Section 50 specifies the guidelines. The Transport Tribunals function quasi-judicially and this imports some imperatives. You must tell the man whose fundamental right you propose to negative the materials you may use in your decision. You must act on relevant considerations, properly before you, not on rumour or hearsay, ex cathedra assertions or inscrutable hunch.
The Authority must remember that a permit holder has an ordinary right of renewal unless it is shown that outweighing reasons of public interest lead to a contrary result. Permits are not bounty but right, restricted reasonably by the Motor Vehicles Act."
Though in this case the right of a permit holder under the Motor Vehicles Act came up for consideration, the same consideration would prevail in the case of a licence-holder under the Act once it is recognised that his right to carry on business in the manufacture of fire arms is a fundamental right. Whether that fundamental right is carried on under a permit or a licence is not material.
24. In B. Chandragupta -v.- The Chairman, P & T. Board New Delhi and anr., 1970(1) Mys. L.J. 77 a Division Bench of this Court has ruled that it was unreasonable to continue to keep in abeyance the consideration of the petitioner's case for promotion and that the case should be considered without prejudice to the result of the disciplinary enquiry which was to commence against him. This Court made a conditional order that the Respondent/P & T Board would have the liberty to revert the petitioner from the promotional post, if he was found guilty and awarded punishment in the disciplinary enquiry.
25. In Bril Bhusan Pandey -v.- State Transport Authority, Lucknow, and anr., the Allahabad High Court has taken the view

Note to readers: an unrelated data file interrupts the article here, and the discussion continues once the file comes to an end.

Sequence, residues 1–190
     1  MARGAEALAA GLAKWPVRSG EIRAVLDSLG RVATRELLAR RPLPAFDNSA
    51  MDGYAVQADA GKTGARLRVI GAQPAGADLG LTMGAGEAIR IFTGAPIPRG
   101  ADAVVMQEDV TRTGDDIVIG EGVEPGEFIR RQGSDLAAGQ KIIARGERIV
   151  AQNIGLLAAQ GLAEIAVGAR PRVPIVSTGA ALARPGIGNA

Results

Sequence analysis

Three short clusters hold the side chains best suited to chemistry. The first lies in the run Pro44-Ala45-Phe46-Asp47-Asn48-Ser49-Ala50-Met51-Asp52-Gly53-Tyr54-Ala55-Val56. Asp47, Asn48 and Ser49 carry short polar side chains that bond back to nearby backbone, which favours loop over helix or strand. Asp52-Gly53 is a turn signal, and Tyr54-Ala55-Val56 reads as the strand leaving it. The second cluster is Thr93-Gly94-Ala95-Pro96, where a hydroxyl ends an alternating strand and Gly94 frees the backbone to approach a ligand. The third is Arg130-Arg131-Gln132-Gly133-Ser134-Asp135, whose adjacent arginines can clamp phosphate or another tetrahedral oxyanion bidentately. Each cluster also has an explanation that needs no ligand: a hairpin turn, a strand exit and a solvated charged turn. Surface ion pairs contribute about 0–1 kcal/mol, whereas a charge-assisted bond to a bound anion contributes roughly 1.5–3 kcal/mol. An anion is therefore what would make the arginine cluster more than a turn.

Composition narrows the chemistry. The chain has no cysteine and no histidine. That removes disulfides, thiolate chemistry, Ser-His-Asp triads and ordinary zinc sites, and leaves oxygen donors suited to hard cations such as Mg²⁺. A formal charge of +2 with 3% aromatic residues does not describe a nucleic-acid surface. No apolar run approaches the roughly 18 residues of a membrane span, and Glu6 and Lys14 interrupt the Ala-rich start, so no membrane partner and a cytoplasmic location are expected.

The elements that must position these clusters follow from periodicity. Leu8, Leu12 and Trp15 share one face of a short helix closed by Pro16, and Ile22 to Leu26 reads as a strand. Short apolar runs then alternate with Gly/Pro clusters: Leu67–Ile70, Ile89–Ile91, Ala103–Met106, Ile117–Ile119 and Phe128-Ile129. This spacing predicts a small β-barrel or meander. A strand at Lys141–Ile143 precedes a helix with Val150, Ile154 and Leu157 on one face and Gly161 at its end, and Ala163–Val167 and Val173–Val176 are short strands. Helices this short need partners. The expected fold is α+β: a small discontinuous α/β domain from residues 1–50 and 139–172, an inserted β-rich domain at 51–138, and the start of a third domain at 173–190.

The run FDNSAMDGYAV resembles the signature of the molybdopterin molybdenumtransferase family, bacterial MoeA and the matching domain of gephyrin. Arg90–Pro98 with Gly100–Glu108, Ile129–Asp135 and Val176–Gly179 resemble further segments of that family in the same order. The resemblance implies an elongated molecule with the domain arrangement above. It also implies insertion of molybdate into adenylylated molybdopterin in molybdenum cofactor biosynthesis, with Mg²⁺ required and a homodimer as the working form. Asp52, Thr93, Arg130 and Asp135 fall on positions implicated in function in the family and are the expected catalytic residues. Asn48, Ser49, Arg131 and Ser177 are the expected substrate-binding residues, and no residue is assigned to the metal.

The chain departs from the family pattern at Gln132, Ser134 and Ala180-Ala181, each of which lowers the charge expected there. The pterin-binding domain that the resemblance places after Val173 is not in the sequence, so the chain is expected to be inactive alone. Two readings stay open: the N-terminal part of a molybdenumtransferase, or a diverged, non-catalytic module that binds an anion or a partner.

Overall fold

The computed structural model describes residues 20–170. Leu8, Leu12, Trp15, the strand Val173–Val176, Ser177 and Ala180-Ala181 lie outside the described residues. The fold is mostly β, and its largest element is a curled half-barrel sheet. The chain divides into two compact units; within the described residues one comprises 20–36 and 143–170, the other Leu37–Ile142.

that it is only when a person is convicted that he could be held to be guilty and during the pendency of a trial it cannot be said that he was guilty and, therefore, howsoever, grave the suspicions may be they would not amount to proof and, unless it was fully established that there had been a conviction, it was not open to the Regional Transport Authority to refuse to renew a permit on that score. Perhaps, the facts in this case may not be fully applicable to the case of a Fire Arm licence. But as noticed earlier, it cannot be said axiomatically that pendency of criminal cases under the Arms Act would be a disqualification to hold a licence. It depends on the nature of the offences with which the person is charged.
26. In Dr. Harisingh Harnamsingh Khalsa v. E.F. Deboo and Anr., the discretion of the Licensing Authority to refuse or to suspend or to revoke a licence under Section 14(1) and Section 17 of the Act came up for consideration. The Gujarat High Court ruled that the Licensing Authority has to exercise his discretion judicially in accordance with the principles of natural justice. Underscoring the point that the Act is a post-Constitution legislation, the Gujarat High Court has ruled that it is a fundamental right to own or possess a fire-arm subject to restrictions placed in the Act. Therefore the grounds on which such a right is negatived are subject to judicial review. However a Full Bench of Assam High Court in Haji Mohammad Hassan Ali -v.- Commissioner of Plains Division, Assam, Gauhati and Ors., AIR 1969 Assam 50 has ruled that :